What is the difference between a Durable Power of Attorney and General Power of Attorney?

A general Power of Attorney gives the attorney in fact the authority to perform certain specified acts on behalf of the principal. A General Power of Attorney expires if the principal becomes incapacitated.

A Durable Power of Attorney gives the attorney in fact the authority to perform certain specified acts on behalf of the principal even if that person becomes disabled or legally incapacitated. A Durable Power of Attorney doesn't expire until the death of the principal.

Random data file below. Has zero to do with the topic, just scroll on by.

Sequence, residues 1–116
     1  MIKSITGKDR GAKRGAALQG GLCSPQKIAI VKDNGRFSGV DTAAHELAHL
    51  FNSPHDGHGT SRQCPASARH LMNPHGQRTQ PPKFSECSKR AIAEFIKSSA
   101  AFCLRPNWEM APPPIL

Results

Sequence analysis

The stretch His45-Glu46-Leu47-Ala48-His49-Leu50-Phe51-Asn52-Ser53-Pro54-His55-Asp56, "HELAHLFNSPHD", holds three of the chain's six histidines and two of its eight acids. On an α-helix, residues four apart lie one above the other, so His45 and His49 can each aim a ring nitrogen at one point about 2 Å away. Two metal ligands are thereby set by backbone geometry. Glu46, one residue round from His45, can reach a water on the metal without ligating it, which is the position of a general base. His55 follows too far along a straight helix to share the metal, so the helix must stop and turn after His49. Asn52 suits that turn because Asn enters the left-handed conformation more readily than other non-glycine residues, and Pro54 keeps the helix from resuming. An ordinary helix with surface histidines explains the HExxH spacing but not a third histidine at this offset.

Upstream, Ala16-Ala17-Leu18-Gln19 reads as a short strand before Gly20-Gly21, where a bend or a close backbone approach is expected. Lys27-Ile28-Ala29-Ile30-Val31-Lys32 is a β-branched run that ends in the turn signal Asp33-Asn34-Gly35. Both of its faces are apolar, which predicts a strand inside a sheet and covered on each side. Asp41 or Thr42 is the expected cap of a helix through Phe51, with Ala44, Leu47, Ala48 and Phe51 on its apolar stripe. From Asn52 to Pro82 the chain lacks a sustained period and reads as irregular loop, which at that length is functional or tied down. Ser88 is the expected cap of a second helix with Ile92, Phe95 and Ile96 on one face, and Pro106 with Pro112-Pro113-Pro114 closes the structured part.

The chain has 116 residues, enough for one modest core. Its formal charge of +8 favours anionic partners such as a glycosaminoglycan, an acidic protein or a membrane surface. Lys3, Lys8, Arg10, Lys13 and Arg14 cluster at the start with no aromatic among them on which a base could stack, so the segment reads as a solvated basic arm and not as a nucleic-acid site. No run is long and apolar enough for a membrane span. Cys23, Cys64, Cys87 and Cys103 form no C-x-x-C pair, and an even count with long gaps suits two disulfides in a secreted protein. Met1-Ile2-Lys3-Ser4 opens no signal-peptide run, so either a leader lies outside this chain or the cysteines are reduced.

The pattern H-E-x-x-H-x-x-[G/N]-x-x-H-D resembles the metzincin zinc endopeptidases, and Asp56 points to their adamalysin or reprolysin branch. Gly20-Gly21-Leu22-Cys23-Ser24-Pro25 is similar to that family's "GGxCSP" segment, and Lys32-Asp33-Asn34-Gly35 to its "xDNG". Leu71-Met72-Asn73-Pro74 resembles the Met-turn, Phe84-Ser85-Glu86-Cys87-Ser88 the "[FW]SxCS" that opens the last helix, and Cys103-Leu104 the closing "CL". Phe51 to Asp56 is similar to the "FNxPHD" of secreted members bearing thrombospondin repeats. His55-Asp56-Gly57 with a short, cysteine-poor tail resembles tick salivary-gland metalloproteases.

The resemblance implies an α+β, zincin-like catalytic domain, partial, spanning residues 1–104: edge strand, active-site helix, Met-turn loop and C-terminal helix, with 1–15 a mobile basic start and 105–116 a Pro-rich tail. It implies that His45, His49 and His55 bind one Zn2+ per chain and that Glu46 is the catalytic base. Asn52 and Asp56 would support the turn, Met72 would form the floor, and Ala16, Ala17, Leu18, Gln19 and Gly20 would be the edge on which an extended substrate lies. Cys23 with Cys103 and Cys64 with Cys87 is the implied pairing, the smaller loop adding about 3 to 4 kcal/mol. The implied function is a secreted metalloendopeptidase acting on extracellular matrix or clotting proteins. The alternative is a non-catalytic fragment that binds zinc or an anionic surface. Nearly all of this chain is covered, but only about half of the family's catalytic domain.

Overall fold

General and Durable POAs grant sweeping powers unless the powers are specifically limited to those powers listed in the document. Limited POAs can also be executed that allow an attorney-in-fact to perform only a certain task on behalf of the principal. For example, a person serving in the military may grant a spouse or attorney a limited POA in order to sell a home.